Sitting next to the CVS in Summerville, GA was this display caboose from the long disbanded Central of Georgia Railrod.
Chartered in 1883 as Georgia Railroad, became Georgia Railroad & Banking Co. in 1836. Leased jointly to Louisville & Nashville and Central of Georgia in 1881; CofG interest later passed to L&N, which assigned it to Atlantic Coast Line. In 1983 the new Seaboard System Railroad bought the Georgia Railroad from the banking firm and merged the operation.
Friday, October 27, 2006
While flying into Philly Wednesday I was able to snap this aerial shot of the SS United States in her berth. You'll have to double click on the picture to see her better.
She awaits either a complete refit and return to the oceans of the world or to become a museum to her grand past.
Neon signs a-flashin', taxi cabs and buses passin' through the nightA distant moanin' of a train seems to play a sad refrain to the nightA rainy night in Georgia, such a rainy night in GeorgiaLord, I believe it's rainin' all over the worldI feel like it's rainin' all over the world
How many times I wonderedIt still comes out the sameNo matter how you look at it or think of itIt's life and you just got to play the game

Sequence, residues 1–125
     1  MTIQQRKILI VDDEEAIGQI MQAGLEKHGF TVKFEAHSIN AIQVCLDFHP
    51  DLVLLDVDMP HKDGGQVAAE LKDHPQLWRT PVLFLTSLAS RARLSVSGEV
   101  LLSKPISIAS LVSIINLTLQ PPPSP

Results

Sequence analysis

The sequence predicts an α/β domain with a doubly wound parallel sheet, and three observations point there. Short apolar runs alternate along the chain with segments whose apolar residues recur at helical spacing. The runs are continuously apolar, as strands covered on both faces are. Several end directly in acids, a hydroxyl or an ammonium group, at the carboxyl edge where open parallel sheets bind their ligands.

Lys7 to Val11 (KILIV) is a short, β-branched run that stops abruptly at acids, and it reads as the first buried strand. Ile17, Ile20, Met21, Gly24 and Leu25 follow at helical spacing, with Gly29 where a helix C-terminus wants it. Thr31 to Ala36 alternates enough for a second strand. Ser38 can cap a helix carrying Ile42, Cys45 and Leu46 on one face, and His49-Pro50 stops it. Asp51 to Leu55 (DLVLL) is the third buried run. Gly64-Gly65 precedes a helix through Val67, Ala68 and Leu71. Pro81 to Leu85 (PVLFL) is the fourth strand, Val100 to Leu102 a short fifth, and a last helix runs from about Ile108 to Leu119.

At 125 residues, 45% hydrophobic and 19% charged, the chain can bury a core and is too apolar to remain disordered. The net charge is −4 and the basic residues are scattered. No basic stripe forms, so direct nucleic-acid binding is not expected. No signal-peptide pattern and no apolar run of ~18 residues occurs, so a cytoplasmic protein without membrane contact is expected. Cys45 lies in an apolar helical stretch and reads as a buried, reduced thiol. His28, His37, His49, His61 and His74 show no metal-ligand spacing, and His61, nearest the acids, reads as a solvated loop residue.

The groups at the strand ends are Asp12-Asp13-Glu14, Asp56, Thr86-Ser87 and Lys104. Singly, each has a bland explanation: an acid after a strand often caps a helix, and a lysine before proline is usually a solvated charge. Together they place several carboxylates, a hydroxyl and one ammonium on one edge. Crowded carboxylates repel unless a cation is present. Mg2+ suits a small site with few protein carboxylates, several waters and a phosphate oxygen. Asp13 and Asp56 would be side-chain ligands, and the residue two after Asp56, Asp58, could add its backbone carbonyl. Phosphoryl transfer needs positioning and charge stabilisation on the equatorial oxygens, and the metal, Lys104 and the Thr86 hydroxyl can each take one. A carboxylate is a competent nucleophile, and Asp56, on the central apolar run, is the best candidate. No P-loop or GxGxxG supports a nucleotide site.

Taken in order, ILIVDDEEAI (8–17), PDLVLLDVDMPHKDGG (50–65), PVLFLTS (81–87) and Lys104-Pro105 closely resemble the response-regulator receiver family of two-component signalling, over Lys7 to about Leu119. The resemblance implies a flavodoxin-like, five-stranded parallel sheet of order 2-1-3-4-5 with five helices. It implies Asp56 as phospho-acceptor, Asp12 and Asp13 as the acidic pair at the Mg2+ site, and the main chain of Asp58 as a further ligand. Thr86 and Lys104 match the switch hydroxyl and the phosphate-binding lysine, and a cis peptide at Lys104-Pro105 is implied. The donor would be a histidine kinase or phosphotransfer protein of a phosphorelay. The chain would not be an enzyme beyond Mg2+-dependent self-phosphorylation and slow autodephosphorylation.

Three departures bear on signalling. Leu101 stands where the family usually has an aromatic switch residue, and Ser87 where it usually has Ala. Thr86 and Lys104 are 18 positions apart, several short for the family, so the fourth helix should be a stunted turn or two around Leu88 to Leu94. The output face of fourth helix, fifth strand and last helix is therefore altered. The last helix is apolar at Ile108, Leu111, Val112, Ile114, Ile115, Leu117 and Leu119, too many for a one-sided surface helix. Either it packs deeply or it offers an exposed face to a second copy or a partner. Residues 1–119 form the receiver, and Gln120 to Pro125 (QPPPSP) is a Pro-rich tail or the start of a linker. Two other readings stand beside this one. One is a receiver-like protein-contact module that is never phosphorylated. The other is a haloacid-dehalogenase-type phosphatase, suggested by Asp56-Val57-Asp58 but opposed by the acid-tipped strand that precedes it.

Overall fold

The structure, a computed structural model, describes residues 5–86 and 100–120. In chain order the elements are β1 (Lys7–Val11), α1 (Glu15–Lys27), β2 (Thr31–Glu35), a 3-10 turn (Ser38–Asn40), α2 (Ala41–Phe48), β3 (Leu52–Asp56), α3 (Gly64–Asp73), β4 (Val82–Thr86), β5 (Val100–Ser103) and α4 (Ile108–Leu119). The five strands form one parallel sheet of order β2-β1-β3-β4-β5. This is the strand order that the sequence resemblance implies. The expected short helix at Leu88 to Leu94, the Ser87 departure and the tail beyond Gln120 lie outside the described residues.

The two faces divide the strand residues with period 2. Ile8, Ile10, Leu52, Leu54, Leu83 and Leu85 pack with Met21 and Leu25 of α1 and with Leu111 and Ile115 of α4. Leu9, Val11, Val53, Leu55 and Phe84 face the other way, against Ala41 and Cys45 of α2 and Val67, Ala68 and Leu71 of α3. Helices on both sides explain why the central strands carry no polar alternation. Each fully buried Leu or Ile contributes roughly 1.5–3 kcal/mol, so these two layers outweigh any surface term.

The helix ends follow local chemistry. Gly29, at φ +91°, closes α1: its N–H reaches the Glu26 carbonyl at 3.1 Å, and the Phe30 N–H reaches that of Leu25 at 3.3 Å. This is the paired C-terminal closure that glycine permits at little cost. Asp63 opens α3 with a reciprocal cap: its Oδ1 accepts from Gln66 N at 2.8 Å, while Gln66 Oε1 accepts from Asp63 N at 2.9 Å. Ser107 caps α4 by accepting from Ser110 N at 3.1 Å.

I find me a place in a box car, so I take my guitar to pass some timeLate at night when it's hard to rest I hold your picture to my chest and I feel fine(minor scat) But it's a rainy night in Georgia, baby, it's a rainy night in Georgia Ifeel it's rainin' all over the world, kinda lonely now And it's rainin' all over the world
Saturday, October 21, 2006
Wednesday evening found me over nighting in New Bedford, MA. This was the view form my hotel window at sunset.
The history of New Bedford as recorded by the English began four centuries ago and pre-dates the Pilgrims of Plymouth by 18 years. English explorer Bartholomew Gosnold investigated New Bedford's harbor on May 31, 1602 (Julian Calendar). Gosnold's expedition set out from Falmouth, England, and was financed in part by the Earl of Southampton, a patron of Shakespeare. Gosnold named Cape Cod for the abundance of fish he observed there; he named Martha's Vineyard for his beloved daughter, Martha, and named the Elizabeth Islands for his queen, Elizabeth I. Some historians place Gosnold's landing on New Bedford's mainland shore at "Smoking Rocks," a rocky outcropping that once existed approximately west-northwest of Palmer's Island. The site is now part of the South Terminal.
In the full glory of the days of whaling prosperity New Bedford sent out more whale ships than all other American ports combined. In 1857, when the population was about 22,000 the peak was reached, with 329 vessels engaged, representing an investment of $20 million and a yearly catch of $10 million. At this zenith, New Bedford was the richest city per capita in the world. However, from that year onward the industry steadily declined. The fleet had succeeded in hunting the leviathan to every corner of the globe, almost to the point of oblivion. In addition, the price of whale oil dropped steadily after petroleum was discovered in Pennsylvania in 1859.